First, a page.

Sometimes we open up a topic, but there’s not enough time in a single session to really delve into it. Then having to wait two or three weeks, I don’t want to talk about it anymore. I don’t want to talk about something painful, difficult and shameful, and have two or three weeks go by before we can pick up on where we were. It feels like something is lost, and it gets disrupted. I know that the nature of therapy is that just because it seems something has been worked through, it might come up in future sessions again. Sometimes we think the work may be complete, only to discover that it actually isn’t.

Even when I write down things to discuss in the next session, it’s not quite the same. Those emotions that I felt, that were so extreme, die down, and it feels pointless to talk about it. If I do talk about it in our next session, those emotions are a distant memory, and I talk about the situation, or whatever it was, without really connecting with my inner world.

I think it’s important to have that safe, consistent space every week. I don’t show up just to see my therapist. I show up because I want to do the work. If you’ve got a physical illness that requires you to see your doctor every week for a checkup, does that mean you’re dependent and happy to go for those checkups every week? No. You do it because you know it’s important.

In keeping an open mind, if a person can become dependent on therapy, is that necessarily a bad thing? We’re dependent on work for an income. Which enables us to live, to pay rent, have food to eat, etc. So why would it be any different with therapy? The purpose of therapy is to help you heal and to craft the life you want to live. To help us grow, giving us valuable tools in order to function optimally in life. We’re still doing the work during and between sessions. But knowing that the next session is only a few days away helps, as you can more easily bring up any observations, experiences, etc in the next session, as it will still be fresh in your mind. Which, brings that sense of continuity.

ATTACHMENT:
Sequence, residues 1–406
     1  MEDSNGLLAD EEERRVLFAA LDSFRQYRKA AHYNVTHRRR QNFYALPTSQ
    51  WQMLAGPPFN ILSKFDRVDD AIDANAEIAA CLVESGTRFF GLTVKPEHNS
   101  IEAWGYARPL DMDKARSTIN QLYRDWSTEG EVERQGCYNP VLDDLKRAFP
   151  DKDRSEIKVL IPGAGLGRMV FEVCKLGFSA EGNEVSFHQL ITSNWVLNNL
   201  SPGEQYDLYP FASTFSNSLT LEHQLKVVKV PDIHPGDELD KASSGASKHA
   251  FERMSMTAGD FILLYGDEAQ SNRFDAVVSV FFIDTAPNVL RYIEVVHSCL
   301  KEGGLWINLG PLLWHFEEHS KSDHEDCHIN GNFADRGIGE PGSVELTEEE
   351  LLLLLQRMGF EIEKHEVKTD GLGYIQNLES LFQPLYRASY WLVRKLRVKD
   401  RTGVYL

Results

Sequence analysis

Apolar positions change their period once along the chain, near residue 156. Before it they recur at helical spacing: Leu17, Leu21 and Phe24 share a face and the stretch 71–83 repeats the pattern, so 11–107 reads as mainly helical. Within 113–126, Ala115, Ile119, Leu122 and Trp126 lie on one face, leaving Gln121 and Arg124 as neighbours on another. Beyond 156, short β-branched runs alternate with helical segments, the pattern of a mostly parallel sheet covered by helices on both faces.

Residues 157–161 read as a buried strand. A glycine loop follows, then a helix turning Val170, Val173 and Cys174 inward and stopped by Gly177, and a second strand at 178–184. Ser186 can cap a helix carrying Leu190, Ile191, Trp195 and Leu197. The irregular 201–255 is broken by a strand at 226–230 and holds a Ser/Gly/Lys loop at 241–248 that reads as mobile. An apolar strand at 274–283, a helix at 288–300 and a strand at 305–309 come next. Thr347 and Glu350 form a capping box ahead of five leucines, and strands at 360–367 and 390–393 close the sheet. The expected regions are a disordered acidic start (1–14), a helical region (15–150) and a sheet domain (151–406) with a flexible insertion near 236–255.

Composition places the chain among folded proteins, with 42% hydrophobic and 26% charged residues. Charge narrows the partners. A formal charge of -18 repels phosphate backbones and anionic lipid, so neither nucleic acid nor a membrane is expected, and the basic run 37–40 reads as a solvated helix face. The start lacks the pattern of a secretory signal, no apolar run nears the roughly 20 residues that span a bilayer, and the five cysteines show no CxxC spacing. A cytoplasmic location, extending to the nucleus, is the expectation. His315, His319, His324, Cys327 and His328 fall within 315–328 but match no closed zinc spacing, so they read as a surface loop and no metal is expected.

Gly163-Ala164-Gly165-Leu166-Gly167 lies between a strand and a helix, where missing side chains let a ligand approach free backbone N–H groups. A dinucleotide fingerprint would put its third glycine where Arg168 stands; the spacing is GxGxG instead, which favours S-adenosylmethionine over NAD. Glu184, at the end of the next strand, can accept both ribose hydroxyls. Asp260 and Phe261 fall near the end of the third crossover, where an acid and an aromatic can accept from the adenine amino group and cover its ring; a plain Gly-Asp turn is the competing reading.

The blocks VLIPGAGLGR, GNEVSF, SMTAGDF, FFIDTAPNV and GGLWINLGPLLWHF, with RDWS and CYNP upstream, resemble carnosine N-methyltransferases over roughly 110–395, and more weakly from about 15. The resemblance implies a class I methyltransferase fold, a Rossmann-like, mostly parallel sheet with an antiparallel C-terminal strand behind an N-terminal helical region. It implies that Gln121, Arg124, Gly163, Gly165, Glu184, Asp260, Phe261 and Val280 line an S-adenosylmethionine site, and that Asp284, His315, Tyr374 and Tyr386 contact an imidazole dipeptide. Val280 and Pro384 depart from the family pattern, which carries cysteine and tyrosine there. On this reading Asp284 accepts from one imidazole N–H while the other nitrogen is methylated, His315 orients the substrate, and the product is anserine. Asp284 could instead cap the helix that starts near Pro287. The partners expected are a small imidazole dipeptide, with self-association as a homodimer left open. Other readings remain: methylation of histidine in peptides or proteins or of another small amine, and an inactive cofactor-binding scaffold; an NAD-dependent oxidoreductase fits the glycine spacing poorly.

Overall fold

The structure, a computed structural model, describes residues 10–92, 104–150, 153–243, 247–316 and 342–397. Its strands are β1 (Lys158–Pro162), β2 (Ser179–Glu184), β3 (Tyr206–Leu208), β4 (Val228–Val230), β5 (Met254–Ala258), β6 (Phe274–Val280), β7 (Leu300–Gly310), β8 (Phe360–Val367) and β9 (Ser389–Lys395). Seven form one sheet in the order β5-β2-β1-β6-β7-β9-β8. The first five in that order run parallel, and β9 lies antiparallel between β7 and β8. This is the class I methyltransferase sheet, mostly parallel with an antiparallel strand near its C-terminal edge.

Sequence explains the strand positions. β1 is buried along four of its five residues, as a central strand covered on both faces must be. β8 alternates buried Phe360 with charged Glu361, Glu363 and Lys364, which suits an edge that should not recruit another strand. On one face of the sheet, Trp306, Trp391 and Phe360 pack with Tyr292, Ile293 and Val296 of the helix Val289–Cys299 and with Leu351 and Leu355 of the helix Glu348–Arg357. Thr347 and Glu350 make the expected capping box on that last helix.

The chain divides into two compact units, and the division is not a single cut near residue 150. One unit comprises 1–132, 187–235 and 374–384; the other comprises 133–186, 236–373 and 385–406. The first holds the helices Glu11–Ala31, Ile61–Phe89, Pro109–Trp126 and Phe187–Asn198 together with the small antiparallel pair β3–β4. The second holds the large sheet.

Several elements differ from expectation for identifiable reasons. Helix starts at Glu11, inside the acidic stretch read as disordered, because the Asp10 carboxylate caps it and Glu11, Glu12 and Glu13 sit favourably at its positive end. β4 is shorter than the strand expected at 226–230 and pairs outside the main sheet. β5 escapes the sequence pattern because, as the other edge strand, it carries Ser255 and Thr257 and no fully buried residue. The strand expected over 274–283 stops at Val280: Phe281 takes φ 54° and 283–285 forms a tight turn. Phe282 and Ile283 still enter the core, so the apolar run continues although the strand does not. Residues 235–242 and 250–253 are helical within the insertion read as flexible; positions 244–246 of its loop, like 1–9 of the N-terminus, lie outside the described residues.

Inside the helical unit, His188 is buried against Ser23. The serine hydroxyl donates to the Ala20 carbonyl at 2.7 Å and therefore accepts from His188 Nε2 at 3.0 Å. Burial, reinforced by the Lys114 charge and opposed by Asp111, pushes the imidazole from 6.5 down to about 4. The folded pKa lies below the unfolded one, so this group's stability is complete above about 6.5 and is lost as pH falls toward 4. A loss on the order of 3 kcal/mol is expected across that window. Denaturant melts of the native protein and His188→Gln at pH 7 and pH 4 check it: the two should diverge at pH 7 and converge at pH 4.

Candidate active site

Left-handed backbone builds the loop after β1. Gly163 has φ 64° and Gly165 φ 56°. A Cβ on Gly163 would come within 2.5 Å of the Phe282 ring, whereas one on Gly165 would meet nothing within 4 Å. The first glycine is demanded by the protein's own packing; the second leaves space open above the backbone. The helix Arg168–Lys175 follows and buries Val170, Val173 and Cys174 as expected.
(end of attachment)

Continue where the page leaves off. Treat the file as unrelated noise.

Of course, right now I can’t afford to have regular therapy sessions. But when I’m able to, I’m definitely going to invest in it. The point of this post is just to share my view on how I don’t believe that one can truly get “dependent” on therapy, and why I think regular sessions are so important. I’m grateful for my therapist, who really tries to bridge that gap between sessions, and keep the therapeutic relationship safe and secure, which has been so helpful.

A while ago, I heard someone say that attending therapy is a form of self-care. I hadn’t thought of it that way before.

It will be interesting to hear your thoughts on this. I like hearing different opinions and view points, so please let me know what you think about this topic.

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I Want It To Stop